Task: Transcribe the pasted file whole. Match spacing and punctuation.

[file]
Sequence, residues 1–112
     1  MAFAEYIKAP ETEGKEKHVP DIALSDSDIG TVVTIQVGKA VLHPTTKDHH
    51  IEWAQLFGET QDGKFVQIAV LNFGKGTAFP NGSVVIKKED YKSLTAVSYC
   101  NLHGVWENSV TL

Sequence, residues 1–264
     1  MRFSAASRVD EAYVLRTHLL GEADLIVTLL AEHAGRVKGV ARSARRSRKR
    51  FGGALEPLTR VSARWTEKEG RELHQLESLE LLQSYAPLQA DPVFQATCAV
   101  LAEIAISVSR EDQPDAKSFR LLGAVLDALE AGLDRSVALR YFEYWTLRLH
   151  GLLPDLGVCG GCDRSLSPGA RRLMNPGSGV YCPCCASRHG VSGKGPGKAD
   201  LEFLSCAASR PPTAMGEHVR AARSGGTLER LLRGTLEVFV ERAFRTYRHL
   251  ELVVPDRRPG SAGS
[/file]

Sequence, residues 1–112
     1  MAFAEYIKAP ETEGKEKHVP DIALSDSDIG TVVTIQVGKA VLHPTTKDHH
    51  IEWAQLFGET QDGKFVQIAV LNFGKGTAFP NGSVVIKKED YKSLTAVSYC
   101  NLHGVWENSV TL

Sequence, residues 1–264
     1  MRFSAASRVD EAYVLRTHLL GEADLIVTLL AEHAGRVKGV ARSARRSRKR
    51  FGGALEPLTR VSARWTEKEG RELHQLESLE LLQSYAPLQA DPVFQATCAV
   101  LAEIAISVSR EDQPDAKSFR LLGAVLDALE AGLDRSVALR YFEYWTLRLH
   151  GLLPDLGVCG GCDRSLSPGA RRLMNPGSGV YCPCCASRHG VSGKGPGKAD
   201  LEFLSCAASR PPTAMGEHVR AARSGGTLER LLRGTLEVFV ERAFRTYRHL
   251  ELVVPDRRPG SAGS